Yaccarino presents a bowler-hatted Mr. Night, who puts the world to bed and also helps children fall asleep, in the picture book Good Night, Mr. Night, as "simple forms and Matisse-like colors match the innocence of the story, told in a series of simple lines," according to a Kirkus Reviews critic. Writing in the Bulletin of the Center for Children's Books, Janice M. Del Negro commented on Yaccarino's "Rousseauian landscape," and dubbed Good Night, Mr. Night a "storytime natural" due to its "controlled text and flamingly colorful illustrations." Similarly, a reviewer for Publishers Weekly called the book a "calming bedtime tale" and further remarked that Yaccarino's "quiet narration and undulating illustrations have an almost hypnotic quality." Lauren Peterson, writing in Booklist, called Good Night, Mr. Night a "gentle bedtime tale that stirs the imagination" and went on to praise Yaccarino's "rich, vibrant" double-page spreads, which "complement the text beautifully."

Moon exploration is the focus of Zoom! Zoom! Zoom! I'm off to the Moon, about a boy astronaut who takes an adventurous trip into space. The text of Yaccarino's rhyming narrative climbs diagonally up the page, reducing in size as the boy's spaceship takes off and gains altitude. A contributor for Publishers Weekly called this an "effervescent" picture book that readers could use as a "launch pad for their own imaginations," and Horn Book critic Roger Sutton deemed Zoom! Zoom! Zoom! "a perfect space story for the toddler realm." Sutton also commented on Yaccarino's use of signature "rounded retro shapes" in his illustrations, shapes reminiscent of 1950s toys. Shelley Townsend-Hudson, reviewing the same title in Booklist, wrote that the book's "fanciful illustrations pull children into this exuberant picture book and make the launch a special event."

More rhyming text is presented in An Octopus Followed Me Home, in which a child whines to be allowed to keep the stray octopus that has followed her home. Then her father reminds the girl of all the other animals that have followed her home, including the crocodile under the bed and the giraffe with its neck up the chimney. No more, says Dad, but readers wonder when they reach the last page and see an even more monstrous critter following the girl home. In Booklist Rochman noted that the verses and "bright illustrations give an uproarious spin" to the usual tale of a kid pleading to keep a stray. A reviewer for Publishers Weekly maintained that Yaccarino "specializes in simple text and whimsically distorted shapes," and in Newsweek Malcolm Jones, Jr., dubbed An Octopus Followed Me Home a "beguilingly simple can-I-keep-it story."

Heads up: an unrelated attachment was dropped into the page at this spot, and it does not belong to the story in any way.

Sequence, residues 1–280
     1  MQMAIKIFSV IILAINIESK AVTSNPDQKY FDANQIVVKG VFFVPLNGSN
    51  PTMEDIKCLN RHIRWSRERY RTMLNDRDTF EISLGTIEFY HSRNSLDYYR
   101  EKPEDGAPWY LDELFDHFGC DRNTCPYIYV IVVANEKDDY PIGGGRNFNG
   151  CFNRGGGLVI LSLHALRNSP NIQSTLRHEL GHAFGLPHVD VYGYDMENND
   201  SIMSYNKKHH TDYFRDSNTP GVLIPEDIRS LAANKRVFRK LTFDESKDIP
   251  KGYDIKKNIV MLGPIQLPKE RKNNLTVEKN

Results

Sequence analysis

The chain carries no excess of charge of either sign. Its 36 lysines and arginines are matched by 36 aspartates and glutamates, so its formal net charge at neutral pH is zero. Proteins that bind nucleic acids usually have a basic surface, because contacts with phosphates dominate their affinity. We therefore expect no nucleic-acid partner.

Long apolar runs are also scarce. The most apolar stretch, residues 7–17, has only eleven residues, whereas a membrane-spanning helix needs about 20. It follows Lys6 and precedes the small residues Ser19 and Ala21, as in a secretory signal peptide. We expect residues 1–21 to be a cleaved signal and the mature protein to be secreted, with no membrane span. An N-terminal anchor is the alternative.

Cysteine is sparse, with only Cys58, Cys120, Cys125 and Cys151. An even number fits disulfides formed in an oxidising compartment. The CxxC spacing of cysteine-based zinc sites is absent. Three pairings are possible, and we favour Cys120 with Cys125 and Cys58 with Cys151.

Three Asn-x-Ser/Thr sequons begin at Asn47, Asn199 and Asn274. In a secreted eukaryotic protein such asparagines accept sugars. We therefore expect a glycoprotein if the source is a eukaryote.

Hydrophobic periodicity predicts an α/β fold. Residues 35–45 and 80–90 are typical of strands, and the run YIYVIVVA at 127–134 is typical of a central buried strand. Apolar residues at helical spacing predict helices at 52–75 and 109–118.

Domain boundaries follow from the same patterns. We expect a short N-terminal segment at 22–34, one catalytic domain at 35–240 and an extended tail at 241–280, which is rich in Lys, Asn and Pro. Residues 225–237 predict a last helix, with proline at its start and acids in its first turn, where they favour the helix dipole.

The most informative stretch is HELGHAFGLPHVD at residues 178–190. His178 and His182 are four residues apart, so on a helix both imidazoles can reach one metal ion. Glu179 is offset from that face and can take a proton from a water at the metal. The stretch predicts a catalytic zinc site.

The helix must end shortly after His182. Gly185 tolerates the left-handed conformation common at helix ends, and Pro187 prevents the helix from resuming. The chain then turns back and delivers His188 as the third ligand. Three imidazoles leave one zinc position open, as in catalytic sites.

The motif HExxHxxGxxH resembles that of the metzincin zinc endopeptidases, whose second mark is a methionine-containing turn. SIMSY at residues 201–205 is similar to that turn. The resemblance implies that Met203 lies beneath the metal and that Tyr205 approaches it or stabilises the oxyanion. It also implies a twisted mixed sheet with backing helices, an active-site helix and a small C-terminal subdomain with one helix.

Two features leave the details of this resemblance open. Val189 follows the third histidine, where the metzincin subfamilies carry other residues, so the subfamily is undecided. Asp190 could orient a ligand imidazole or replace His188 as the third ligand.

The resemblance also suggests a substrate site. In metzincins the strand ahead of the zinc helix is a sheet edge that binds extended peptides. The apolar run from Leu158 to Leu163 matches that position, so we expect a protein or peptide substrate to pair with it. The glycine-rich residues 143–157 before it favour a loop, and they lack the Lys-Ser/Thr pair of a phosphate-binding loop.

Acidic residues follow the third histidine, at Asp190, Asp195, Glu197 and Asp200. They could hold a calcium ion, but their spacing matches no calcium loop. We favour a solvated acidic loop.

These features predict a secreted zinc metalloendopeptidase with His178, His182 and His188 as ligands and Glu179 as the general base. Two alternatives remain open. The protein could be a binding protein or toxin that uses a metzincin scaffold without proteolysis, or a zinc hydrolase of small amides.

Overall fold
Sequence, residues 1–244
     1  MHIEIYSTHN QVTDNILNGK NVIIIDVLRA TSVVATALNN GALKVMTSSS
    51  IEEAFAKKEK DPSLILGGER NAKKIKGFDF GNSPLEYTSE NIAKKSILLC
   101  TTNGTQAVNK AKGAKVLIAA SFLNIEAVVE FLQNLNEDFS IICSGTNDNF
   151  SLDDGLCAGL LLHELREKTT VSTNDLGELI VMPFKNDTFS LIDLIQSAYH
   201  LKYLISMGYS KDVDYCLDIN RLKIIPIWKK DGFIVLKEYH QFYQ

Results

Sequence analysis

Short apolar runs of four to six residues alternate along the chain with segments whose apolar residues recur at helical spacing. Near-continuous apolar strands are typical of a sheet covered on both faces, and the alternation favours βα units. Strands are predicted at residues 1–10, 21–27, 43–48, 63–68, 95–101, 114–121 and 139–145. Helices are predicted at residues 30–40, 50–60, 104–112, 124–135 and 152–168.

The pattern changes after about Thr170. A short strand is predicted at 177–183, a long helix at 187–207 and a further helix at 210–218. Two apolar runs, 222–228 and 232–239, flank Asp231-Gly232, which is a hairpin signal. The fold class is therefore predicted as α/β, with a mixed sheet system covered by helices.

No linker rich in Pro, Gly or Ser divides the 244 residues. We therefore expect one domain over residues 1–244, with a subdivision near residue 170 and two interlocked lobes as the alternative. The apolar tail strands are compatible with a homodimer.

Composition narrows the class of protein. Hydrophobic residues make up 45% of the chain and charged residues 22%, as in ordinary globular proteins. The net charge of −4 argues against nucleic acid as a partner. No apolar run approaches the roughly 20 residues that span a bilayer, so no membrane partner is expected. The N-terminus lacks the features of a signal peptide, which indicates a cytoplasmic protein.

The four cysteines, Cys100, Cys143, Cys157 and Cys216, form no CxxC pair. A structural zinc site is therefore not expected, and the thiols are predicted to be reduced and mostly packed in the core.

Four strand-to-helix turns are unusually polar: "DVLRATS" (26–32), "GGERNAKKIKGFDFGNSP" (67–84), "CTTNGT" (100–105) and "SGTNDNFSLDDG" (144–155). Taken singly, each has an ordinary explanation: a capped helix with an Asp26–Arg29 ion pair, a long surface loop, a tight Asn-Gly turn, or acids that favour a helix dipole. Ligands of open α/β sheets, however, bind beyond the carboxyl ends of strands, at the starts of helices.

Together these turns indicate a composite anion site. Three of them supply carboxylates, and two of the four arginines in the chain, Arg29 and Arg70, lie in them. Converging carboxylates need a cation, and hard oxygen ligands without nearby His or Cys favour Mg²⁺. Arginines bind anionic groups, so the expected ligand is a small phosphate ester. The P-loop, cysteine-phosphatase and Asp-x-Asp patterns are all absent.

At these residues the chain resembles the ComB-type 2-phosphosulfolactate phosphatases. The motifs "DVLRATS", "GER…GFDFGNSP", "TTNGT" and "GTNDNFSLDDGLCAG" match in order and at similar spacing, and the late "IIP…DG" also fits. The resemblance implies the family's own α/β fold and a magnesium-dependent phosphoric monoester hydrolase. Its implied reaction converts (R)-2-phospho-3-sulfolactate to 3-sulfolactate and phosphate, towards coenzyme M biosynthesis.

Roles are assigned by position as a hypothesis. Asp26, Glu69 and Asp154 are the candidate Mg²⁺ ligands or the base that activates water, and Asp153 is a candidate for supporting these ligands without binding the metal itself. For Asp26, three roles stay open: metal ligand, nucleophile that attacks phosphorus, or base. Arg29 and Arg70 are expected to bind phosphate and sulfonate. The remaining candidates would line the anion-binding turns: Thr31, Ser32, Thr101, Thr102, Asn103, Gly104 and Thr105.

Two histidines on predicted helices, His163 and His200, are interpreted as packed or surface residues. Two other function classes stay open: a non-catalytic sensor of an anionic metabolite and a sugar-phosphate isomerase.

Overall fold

A reviewer for Publishers Weekly called Yaccarino's Deep in the Jungle "perhaps his best book yet," and a "tongue-in-cheek look at an arrogant king of beasts." Tricked one day into leaving the jungle for the confines of a zoo, the lion decides he does not really care for captivity, nor for a taste of the medicine he regularly dosed out to underlings in the jungle. After eating his

tamer, the king of beasts returns home and helps the other jungle animals outsmart another trickster attempting to trap them at the zoo. In Booklist Connie Fletcher wrote that the author/illustrator's "bright and cartoony" illustrations help take the "bite out of the tale."

Straying far from Earth, Yaccarino has created three books about an earthling student, Johnny Smith, and an alien boy from the planet Meep, Blorp Gorp, who trade places. Smith—dubbed Blast-Off Boy—is chosen from millions of applicants to represent Earth on Meep; at the same time Blorp, all green except for his black eyes, tries to adjust to his new life at Blast-Off Boy's former elementary school. First Day on a Strange Planet chronicles the outset of this strange arrangement. While Blast-Off Boy becomes the center of attention on Meep, Blorp is put in detention. A reviewer for Publishers Weekly felt that Yaccarino "puts a fresh and funny spin on ordinary events like lunchtime and gym class" in First Day on a Strange Planet, while Stevenson found the book to be "an enjoyable armchair excursion into space."